GE14 continues to exert pressure on the ringgit

Investors have also adopted a risk-off approach and scaled back their exposure to risk-based assets including the local note


Investors are holding off on ringgit-based assets in expectation of a closely contested 14th General Election (GE14), causing the local note to lose ground against the strengthening greenback.

Over the past month, the Malaysian currency has depreciated by 1.5% against the US dollar, reversing some of the gains when it closed at a fresh high of RM3.86 on April 2 this year.

Oanda Corp head of trading for Asia Pacific Stephen Innes said the ringgit has been weighed down by the ruling coalition’s “shifting game” of political candidates as GE14 draws nearer.

“The contest is shaping up to be much closer than expected, which has seen some bullish pre-election currency bets being pared back as we enter the final countdown to GE14.

“There was some interest to buy the ringgit ahead of a RM3.92 level to the US dollar by local traders but this continues to be overshadowed by the unwinding of foreign bond inventories,” Innes told The Malaysian Reserve (TMR).

Ahead of the polling day on May 9 this year, investors have also adopted a risk-off approach and scaled back their exposure to risk-based assets including the Malaysian currency.

While this has largely been driven by continued global trade uncertainties resulting from the US-China trade rift and rising US bond yields, investors in Malaysia are wary of what a change in government could mean for the country’s economic direction. Market attention is expected to be centred on the Goods and Services Tax (GST), which was implemented back in April 2015, while further investigations into 1Malaysia Development Bhd (1MDB) could be undertaken assuming a change in government.

“The cost of living in Malaysia has been a significant issue and will be right at the front and centre of the GE14 campaign, with the GST potentially being part of a shift in policy,” Innes said.

He added that the GST is viewed very favourably internationally to help shift the country’s dependency from oil-based revenues when prices plummeted to US$40 (RM157.60) per barrel, but is hugely unpopular locally.

“With oil prices higher today, the GST could be one of the possible adjustments from a shift in government point-of-view,” he said on Monday.

Innes said further internal investigations into 1MDB could be carried out as the state investment fund was is primary drivers causing the weaker ringgit during the peak of its decline.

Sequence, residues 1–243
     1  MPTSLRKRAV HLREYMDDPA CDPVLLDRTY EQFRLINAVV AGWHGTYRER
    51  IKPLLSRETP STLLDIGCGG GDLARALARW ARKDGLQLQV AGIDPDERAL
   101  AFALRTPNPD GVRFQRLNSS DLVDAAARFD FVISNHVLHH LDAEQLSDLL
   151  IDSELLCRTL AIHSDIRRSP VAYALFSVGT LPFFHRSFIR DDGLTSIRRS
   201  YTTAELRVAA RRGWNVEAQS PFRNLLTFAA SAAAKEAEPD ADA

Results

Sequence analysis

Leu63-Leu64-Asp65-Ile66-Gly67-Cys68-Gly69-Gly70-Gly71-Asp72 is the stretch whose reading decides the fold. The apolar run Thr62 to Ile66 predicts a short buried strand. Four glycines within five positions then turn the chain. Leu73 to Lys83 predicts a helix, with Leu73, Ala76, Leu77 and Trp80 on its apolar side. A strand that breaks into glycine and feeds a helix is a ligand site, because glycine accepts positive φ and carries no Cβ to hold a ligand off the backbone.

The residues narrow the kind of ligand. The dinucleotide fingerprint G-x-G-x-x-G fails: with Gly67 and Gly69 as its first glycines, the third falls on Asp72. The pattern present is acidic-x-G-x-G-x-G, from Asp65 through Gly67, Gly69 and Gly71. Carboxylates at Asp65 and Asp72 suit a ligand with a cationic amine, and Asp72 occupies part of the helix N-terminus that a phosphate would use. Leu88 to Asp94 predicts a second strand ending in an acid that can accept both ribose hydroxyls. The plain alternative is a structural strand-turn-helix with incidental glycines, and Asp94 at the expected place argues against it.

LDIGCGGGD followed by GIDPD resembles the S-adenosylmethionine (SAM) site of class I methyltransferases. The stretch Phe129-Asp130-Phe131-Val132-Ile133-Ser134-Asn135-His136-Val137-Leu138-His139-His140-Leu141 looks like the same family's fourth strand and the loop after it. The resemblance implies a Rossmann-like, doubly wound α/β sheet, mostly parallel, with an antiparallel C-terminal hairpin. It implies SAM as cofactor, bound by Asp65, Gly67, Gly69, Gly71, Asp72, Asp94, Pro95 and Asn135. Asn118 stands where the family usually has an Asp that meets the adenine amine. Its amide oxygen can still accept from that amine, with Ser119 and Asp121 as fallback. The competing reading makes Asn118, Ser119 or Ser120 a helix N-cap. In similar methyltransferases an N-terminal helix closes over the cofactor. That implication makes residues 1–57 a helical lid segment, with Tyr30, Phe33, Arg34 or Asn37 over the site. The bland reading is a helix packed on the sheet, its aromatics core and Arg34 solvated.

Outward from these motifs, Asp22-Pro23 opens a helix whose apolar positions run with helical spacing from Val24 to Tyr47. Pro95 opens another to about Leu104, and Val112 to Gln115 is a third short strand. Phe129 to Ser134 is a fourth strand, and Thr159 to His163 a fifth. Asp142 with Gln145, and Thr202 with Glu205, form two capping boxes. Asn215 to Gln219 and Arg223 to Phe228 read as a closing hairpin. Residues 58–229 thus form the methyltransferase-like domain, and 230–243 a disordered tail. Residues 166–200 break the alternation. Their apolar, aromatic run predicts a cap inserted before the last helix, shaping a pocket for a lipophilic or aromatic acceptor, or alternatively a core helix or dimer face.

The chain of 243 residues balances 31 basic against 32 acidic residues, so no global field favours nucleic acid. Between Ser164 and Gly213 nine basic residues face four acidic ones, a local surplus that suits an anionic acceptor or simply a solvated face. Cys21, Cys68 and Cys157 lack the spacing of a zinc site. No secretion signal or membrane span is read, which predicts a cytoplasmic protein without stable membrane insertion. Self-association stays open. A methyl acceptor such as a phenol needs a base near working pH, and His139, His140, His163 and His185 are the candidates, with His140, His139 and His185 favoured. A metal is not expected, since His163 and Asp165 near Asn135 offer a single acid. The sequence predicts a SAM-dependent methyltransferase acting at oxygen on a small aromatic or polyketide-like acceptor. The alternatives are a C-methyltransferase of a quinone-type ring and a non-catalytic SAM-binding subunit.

While GE14 will be the main factor influencing the direction of the ring- git in the short term, the renewed US dollar strength will be of a greater concern to the local note over the long term, according to Innes.

He opined that the greenback has gained support on the rise in 10-year US treasury yields and the unwinding of US dollar short positions, but the ringgit remains poised to make another run at RM3.80 if US bond yields taper off, coupled with no electoral surprises locally.

Bank Islam Malaysia Bhd chief economist Dr Mohd Afzanizam Abdul Rashid said the ringgit will continue to trade in a tight range until the conclusion of GE14, while being encumbered by a stronger US dollar direction.

“We continue to believe that the ringgit will linger around RM3.85 to RM3.95 against the greenback for the rest of 2018, but we will closely scrutinise the currency pair should it break the current support level of RM3.82,” Mohd Afzanizam told TMR.

He said the higher inflation environment in the US has reignited talks of an aggressive course of US interest rates this year, thus pushing up the dollar index at the expense of the ringgit.

However, he said the Malaysian currency remains in an under- valued position and has upside potential to gain ground against the US dollar.

“The case for ringgit undervaluation is still intact premised on the nominal effective exchange rate and real effective exchange rate which hovers below the 100-point level,” he said.

“As such, upside potential still exists for the local note.”